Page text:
Valley of Tears was also produced by United King Films, KAN 11 and Endemol Shine Israel, and it took a collective effort to push this unconventional series across the finish line. But the more you know about Harel-Cohen and Amsellem, the more it makes sense that they played a key role in making this series a success both in Israel and the rest of the world.
Harel-Cohen is Israeli royalty through her father, Yossi Harel, the captain of the Exodus, the ship that brought Holocaust survivors to Palestine in defiance of the British regulations and inspired the bestselling book and classic movie. She is married to Sir Ronald Cohen, an Egyptian-born British venture capitalist who is one of the founders of  the social investing movement and also a philanthropist, and she herself is Lady Harel-Cohen.
She started out in the movie business in Israel in the late 1970s, producing The Troupe, the first film by Avi Nesher, who was her boyfriend at that time, and made two other movies with him. Altogether, she has produced 40 films, including Robert Altman’s Oscar-winning Gosford Park; Moshe Mizrahi’s Every Time We Say Goodbye, which features Tom Hanks as an RAF pilot who falls in love with a Jewish woman in Jerusalem during World War II; Bruce Beresford’s A Good Man in Africa starring Sean Connery; Stephen Frears’s comedy Tamara Drewe; and Rodrigo Garcia’s Albert Nobbs, a drama in which Glenn Close poses as a man so she can work as a butler in 19th century Ireland. While Harel-Cohen has mostly worked on international films since she moved to London decades ago, in 2019 she produced Yaron Zilberman’s Incitement, a drama about Yigal Amir, who assassinated prime minister Yitzhak Rabin, which won the Ophir Award for Best Picture. She brought Zilberman on board on Valley of Tears and he directed the series.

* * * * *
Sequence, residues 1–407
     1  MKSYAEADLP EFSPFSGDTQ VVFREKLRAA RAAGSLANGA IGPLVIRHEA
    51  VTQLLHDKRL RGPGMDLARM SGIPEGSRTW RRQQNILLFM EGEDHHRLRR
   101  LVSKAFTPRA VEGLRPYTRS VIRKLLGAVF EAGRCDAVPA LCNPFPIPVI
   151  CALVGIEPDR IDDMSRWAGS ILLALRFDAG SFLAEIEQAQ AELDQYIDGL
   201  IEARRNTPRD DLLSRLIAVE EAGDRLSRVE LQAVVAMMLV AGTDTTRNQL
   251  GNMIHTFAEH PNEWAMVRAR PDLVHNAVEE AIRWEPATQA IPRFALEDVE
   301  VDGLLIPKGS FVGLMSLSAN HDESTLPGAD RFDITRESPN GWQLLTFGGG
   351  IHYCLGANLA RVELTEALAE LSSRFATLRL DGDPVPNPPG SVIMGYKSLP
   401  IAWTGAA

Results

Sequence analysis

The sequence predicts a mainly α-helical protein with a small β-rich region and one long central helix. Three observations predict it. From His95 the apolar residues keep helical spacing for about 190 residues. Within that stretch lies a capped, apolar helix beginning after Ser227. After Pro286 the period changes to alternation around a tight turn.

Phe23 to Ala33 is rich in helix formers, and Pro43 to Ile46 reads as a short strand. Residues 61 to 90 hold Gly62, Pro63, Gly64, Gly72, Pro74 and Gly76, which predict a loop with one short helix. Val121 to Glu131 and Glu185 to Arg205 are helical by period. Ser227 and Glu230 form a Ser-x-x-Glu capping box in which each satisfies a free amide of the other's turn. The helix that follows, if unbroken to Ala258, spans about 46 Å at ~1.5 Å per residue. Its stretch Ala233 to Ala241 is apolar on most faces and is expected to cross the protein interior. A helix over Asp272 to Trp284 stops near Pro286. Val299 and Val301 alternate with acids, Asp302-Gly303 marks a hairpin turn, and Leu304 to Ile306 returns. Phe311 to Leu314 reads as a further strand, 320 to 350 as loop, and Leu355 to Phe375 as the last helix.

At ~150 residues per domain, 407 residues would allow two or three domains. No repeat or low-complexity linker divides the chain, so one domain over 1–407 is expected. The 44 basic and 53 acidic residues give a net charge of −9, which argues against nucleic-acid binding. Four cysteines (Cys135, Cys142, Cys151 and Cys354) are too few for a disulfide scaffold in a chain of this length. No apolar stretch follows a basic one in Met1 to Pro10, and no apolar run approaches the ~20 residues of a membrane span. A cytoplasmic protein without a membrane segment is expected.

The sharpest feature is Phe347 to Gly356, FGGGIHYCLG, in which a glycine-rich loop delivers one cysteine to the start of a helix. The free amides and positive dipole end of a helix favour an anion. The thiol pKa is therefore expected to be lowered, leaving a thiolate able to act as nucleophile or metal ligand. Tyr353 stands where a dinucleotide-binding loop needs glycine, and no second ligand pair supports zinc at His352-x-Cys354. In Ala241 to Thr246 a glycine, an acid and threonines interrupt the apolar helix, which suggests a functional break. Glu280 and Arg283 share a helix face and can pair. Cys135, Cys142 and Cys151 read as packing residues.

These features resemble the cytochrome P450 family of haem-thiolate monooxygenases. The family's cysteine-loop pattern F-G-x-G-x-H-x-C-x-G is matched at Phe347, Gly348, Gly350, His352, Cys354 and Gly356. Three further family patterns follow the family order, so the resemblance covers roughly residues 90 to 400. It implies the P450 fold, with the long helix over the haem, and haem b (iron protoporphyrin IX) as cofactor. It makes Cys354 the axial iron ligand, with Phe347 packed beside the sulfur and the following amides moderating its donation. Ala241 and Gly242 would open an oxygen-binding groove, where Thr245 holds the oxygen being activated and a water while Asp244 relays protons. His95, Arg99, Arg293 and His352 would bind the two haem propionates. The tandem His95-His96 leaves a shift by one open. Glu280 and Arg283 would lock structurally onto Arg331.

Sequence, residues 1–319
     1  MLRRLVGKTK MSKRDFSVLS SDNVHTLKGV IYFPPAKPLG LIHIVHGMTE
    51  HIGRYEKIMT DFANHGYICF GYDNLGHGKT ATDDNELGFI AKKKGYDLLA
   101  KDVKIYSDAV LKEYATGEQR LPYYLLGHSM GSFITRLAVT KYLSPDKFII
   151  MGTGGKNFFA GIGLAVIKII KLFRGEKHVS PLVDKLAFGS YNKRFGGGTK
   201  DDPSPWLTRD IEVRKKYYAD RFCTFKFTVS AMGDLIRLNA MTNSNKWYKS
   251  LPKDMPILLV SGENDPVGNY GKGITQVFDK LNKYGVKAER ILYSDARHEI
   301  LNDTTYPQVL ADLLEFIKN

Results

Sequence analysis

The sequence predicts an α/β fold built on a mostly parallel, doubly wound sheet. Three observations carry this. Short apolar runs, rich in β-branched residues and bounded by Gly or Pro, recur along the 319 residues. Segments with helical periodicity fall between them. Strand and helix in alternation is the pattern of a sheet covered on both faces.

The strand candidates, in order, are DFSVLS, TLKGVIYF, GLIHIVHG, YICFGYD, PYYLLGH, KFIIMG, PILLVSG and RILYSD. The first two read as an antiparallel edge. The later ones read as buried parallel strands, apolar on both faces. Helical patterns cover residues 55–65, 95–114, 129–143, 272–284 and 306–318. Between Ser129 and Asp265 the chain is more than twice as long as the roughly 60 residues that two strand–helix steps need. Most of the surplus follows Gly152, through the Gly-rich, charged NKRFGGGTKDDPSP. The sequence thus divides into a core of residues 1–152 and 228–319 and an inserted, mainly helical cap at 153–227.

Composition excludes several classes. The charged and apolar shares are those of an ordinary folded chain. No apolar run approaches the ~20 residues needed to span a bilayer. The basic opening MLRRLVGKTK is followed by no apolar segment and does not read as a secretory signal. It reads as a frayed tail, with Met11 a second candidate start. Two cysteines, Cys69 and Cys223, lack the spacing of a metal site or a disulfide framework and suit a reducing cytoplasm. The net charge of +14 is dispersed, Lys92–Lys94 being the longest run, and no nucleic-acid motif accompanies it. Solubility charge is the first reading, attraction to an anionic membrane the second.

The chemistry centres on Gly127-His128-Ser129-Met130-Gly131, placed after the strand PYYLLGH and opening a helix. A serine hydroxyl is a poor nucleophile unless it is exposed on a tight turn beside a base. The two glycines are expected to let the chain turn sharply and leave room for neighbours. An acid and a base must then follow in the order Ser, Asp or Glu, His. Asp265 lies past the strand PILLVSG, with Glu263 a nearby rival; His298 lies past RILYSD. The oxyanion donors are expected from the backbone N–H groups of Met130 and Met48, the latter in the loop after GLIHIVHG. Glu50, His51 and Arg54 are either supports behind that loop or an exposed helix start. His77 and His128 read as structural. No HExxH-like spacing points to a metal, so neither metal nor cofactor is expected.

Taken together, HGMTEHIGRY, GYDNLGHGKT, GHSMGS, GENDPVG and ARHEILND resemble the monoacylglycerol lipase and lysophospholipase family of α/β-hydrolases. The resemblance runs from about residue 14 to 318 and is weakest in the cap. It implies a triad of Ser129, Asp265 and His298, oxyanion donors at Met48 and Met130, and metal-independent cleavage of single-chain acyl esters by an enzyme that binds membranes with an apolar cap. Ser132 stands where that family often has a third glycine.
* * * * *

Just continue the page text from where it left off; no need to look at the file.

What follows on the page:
Amsellem is an Israeli lawyer who is also qualified as a solicitor in England, but she was drawn into the film business years ago. Prior to founding WestEnd with Harel-Cohen and Eve Schoukroun, she worked on the business side of such movies as Robert Altman’s The Company, David Cronenberg’s Spider and Robert Towne’s Ask the Dust. About 10 years ago, she got to know actor Lior Ashkenazi on the set of Joseph Cedar’s Footnote, for which WestEnd handled international sales. The two married and have a daughter. While she and Harel-Cohen normally divide their time between England and Israel, both are spending the pandemic in Israel.